The first volume of Mike Wolfer’s Widow Archives, Flesh and Blood, owes a lot to H.G. Wells’ The Island of Dr. Moreau – a story of a mad scientist who likes to genetically manipulate animals and in this case, Wolfer throws people into the mix. That is not a bad thing either as he takes that premise and creates a story of his own with a lead character who starts off as not so much a villain, but a monster and in later volumes, one who eventually overcomes her monstrous inclinations, at least to an extent.
The story begins with a couple of federal agents being marooned on an island after an operation gone wrong and it is there that they meet Dr. Harrow and his daughter Emma. The two could not be further apart, the good doctor being somewhat shifty and peculiar while Emma is the personification of youth and beauty. While things seem somewhat strange on the island with the entire set-up giving off a weird vibe, the two men – Triggert and Jack, think nothing of it at first. Soon though, it becomes apparent that not all is right in this tropical paradise when a body turns up with signs pointing towards some kind of monster being on the island and to Emma herself as the murderer. As things spiral out of control, the two agents realise that they have to get off the island and they have to do it fast before they end up just like the bodies that have been turning up.
Even at this very early point in his career, Wolfer’s pencils looked great. Perhaps not quite as polished as his later efforts, but still quite good and when it comes to his leading lady and all is revealed, she stands out. As this book was originally released during the early stages of the ‘bad girl’ explosion, standing out among the pack would be incredibly important and she would do just that with a very unique design. The only thing that sets her back at this point is the fact that she has little personality, perhaps Wolfer just wanting to make a good monster comic and not thinking too far into the future at this stage in his life. Suffice it to say, she made an impact and would not only captivate, but stick around for many years to come through a few different publishers.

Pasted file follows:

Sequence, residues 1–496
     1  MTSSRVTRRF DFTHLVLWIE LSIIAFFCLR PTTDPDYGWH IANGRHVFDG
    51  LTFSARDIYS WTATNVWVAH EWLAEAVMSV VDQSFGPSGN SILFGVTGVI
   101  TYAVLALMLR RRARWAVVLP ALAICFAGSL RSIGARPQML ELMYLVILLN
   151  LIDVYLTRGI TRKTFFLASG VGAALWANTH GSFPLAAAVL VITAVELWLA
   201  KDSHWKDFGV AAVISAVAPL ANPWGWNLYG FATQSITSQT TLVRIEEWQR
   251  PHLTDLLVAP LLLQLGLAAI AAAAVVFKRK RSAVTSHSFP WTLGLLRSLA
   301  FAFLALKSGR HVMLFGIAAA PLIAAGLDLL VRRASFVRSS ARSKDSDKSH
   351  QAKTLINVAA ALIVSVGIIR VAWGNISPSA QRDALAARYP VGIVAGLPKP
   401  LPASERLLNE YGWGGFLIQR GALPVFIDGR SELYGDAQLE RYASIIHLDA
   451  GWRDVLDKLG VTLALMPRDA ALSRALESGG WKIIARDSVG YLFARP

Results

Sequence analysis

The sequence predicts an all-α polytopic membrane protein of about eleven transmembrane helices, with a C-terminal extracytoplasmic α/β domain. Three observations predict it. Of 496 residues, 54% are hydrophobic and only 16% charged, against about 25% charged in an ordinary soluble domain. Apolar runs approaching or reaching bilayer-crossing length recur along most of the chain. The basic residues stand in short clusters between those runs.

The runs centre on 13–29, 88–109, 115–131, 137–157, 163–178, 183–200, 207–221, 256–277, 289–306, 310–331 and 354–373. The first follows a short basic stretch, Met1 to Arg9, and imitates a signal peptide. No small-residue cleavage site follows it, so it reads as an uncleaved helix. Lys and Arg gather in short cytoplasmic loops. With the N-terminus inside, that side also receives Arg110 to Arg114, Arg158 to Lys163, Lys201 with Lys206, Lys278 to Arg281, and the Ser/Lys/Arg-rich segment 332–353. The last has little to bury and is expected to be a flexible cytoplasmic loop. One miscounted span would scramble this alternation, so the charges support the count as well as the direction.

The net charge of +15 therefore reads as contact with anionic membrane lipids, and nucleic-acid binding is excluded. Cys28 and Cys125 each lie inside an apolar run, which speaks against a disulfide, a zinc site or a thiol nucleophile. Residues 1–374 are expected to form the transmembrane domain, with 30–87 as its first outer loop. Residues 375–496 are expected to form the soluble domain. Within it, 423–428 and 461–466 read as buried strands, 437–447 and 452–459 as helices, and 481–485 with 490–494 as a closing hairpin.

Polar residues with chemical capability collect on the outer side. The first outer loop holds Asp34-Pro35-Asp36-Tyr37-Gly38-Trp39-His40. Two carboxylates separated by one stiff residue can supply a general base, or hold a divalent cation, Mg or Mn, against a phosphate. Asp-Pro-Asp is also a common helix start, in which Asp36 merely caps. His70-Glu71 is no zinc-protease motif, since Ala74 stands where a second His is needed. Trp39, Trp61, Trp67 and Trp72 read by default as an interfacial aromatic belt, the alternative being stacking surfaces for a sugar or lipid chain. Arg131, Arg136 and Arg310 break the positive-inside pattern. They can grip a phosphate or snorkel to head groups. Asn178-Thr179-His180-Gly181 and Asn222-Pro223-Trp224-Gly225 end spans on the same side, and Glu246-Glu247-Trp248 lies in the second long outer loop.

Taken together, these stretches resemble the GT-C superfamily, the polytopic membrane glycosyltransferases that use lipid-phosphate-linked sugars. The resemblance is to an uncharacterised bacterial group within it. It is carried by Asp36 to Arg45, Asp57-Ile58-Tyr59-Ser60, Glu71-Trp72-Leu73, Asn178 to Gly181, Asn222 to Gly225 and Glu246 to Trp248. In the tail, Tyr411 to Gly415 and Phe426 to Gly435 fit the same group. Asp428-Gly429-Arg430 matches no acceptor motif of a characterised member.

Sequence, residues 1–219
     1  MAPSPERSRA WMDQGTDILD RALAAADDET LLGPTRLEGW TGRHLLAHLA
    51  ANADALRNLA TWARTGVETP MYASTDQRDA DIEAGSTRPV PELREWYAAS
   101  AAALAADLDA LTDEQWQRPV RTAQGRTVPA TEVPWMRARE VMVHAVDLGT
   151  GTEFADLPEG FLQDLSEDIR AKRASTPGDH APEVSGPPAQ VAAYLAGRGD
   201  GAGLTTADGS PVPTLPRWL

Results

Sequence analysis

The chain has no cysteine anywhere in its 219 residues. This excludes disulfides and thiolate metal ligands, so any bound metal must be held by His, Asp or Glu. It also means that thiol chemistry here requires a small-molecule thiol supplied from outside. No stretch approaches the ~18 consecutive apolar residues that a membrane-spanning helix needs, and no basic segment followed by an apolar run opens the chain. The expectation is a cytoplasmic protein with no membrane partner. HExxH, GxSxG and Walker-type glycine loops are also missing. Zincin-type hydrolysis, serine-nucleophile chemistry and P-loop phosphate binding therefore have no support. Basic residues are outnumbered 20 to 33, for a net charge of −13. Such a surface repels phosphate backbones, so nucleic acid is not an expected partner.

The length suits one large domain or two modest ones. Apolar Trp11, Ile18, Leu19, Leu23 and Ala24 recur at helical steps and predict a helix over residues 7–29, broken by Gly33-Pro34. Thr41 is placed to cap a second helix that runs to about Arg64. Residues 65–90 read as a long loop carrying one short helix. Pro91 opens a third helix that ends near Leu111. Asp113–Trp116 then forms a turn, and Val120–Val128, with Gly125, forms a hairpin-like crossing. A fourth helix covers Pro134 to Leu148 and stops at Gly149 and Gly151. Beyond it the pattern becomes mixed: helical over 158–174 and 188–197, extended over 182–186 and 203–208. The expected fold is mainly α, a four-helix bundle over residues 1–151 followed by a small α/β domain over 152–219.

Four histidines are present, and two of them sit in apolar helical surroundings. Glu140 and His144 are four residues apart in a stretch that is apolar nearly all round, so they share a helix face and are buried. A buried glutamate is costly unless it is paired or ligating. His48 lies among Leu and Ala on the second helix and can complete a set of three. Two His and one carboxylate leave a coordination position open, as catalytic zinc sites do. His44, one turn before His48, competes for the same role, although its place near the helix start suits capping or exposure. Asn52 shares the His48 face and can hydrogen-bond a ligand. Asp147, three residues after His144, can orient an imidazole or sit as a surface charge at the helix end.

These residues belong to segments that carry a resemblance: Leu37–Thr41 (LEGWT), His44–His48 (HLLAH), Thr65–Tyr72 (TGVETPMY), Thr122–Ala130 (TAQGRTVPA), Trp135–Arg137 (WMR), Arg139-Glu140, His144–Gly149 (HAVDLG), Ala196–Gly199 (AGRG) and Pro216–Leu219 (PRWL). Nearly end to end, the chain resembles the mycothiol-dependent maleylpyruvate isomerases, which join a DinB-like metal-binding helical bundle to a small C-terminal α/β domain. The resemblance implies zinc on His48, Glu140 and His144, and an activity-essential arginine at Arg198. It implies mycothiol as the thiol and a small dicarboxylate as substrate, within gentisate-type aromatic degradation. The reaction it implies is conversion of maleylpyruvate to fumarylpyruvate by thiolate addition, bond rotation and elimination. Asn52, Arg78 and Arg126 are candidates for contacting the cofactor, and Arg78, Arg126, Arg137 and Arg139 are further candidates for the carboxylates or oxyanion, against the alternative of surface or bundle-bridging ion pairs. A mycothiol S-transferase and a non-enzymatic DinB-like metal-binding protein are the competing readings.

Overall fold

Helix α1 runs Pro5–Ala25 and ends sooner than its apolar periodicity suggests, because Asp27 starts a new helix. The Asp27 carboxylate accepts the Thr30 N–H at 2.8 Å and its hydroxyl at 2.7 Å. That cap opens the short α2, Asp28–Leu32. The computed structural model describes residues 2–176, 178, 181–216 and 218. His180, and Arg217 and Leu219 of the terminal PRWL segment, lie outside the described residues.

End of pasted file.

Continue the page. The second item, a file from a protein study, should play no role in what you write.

As for the script, Wolfer does a solid job on it, not exactly making a seminal work but a good dose of entertainment and a perfect introduction to this new world he has created. Though it is early in Emma’s ongoing chronicle, the seed is planted here for later exploits and it is to Wolfer’s credit that Flesh and Blood turns out as good as it does. The only criticism that can really be found in this erotic horror story is that the trade paperback and all the later volumes included are so small as well as being censored. Hopefully at a later date, Wolfer inserts all the cut scenes and puts out an omnibus-sized book for his fans who will surely double-dip. Aside from that, this volume is a good start to the series that anyone can pick up and enjoy.
4 out of 5